Ecstacy.MDA. Nutmeg. A ubiquitous spice that can be found in kitchens worldwide, nutmeg has been harnessed in cooking, rituals, and a multitude of different ways across multiple cultures for millennia (Baxamusa, 2011). Its most common use in near day-to-day cooking is something that is not given a lot of thought to, but with Drug culture becoming increasingly prevalent in younger demographics, nutmeg has become a cheap and easily sourced alternative (Shafer, 2010). Through analysis of its chemical components, its structures and properties, in comparison to other illicit drugs such as MDMA (Ecstasy) and MDA (3, 4-Methylenedioxyamphetamine), credence can be given to the relationship between its popularity rise in youth culture, and its†¦show more content†¦Exotic and Aromatic, nutmeg became monopolized by the Dutch in the early 1600’s after the massacring the islands native population (AUBREY, 2012). Here the first plantations of the spice were established and all othe r sources which could pose a threat to the economic assets of the Dutch were eradicated. Prior to this, it had been considered a rare commodity predominantly throughout Europe, Asia and the Middle East, where its earliest uses were traced back for Indian medicinal purposes around 700 B.C.E (Nagano, 2009). Nutmeg was sought by the rich, for its potency to induce hallucination ‒ which can now be related to the prevailing substances that are found in its oils. These oils are what give basis to nutmegs association with madness. The links between nutmeg and madness, or rather the symptoms of being in an altered physical and mental state, correlates to the molecular composition of nutmeg’s oils. Specifically, nutmeg consists of numerous psychoactive compounds that have been found in its fixed oils (24 – 40%), known also as the butter as well as in the volatile oils (5-15%) of the total sample (Nagano, 2009). The most influential and common compounds as the cause for these effects being: Myristicin (13.57%), Safrole (4.28%) and Elemicin (1.42%). Estimated to account for 20% of the oils within nutmeg (Muchtaridi, Subarnas, Apriyantono, Mustarichie, 2010), each of these molecules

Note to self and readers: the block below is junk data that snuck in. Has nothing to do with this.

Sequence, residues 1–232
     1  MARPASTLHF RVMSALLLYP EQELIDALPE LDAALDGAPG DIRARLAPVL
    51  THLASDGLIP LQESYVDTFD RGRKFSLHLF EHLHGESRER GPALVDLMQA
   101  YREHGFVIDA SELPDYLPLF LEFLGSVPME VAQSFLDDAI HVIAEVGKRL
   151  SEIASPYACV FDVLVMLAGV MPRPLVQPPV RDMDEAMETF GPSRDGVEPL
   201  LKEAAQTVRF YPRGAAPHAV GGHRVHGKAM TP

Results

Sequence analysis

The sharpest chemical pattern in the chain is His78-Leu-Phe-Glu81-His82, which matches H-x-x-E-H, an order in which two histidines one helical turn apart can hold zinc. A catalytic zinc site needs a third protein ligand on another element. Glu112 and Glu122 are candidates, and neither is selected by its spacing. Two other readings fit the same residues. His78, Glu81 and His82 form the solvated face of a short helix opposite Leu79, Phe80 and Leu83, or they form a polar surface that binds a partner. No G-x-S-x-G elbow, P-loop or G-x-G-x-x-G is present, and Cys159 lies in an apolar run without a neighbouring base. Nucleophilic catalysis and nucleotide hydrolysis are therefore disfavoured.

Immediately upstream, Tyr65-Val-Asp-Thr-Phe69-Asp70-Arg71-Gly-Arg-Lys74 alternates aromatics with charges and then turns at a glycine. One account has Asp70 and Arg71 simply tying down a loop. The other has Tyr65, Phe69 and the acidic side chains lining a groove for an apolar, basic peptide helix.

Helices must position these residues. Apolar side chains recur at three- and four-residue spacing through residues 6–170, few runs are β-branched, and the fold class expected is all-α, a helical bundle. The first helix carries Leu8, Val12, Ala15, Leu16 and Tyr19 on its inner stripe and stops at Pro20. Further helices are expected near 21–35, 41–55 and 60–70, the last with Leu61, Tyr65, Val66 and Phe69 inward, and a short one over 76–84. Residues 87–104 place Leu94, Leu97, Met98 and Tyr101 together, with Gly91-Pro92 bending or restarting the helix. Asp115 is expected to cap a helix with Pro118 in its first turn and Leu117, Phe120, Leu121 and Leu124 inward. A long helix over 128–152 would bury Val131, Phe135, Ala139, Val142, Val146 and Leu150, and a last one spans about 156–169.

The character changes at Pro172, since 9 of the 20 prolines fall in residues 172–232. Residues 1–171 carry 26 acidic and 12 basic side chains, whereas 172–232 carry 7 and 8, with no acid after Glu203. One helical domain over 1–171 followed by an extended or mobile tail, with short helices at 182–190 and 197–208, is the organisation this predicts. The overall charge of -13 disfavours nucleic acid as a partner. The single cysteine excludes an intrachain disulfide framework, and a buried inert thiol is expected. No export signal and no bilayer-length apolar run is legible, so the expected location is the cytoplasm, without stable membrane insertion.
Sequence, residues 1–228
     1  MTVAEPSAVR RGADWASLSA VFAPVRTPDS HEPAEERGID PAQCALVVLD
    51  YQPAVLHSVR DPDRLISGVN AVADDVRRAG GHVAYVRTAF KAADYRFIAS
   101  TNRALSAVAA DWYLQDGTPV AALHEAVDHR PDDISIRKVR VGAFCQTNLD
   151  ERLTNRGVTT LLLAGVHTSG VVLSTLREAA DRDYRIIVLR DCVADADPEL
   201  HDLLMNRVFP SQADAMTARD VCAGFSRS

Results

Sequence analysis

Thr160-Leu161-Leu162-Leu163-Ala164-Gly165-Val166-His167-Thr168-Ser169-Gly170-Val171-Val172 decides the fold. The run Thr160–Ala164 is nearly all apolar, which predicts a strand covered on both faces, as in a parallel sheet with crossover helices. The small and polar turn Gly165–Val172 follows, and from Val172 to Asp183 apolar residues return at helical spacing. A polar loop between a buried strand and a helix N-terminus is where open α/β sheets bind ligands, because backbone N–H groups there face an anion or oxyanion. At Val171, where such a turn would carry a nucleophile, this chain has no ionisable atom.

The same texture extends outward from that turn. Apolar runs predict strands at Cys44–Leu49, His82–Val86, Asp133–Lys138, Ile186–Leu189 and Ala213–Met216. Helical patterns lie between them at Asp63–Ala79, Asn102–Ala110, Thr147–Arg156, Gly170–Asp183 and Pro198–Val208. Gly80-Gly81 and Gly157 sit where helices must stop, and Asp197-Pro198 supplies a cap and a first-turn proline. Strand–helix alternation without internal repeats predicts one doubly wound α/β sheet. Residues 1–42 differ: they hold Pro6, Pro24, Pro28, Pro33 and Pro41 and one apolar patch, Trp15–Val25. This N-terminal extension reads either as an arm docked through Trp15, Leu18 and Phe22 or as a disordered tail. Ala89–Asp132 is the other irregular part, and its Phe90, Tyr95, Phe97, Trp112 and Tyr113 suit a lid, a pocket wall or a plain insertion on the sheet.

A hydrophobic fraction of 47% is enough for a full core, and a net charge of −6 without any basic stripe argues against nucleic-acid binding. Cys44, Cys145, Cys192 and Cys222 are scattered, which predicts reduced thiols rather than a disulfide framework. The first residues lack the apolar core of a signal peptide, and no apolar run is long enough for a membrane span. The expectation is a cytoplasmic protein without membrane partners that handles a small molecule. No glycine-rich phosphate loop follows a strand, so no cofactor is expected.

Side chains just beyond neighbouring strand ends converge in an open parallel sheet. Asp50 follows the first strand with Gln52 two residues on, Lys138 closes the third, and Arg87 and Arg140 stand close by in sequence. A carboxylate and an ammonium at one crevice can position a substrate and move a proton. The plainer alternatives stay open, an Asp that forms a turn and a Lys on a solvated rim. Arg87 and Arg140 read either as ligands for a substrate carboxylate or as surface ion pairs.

Tuesday, December 10, 2019

Projecting Future Smoking Prevalence †Free Samples to Students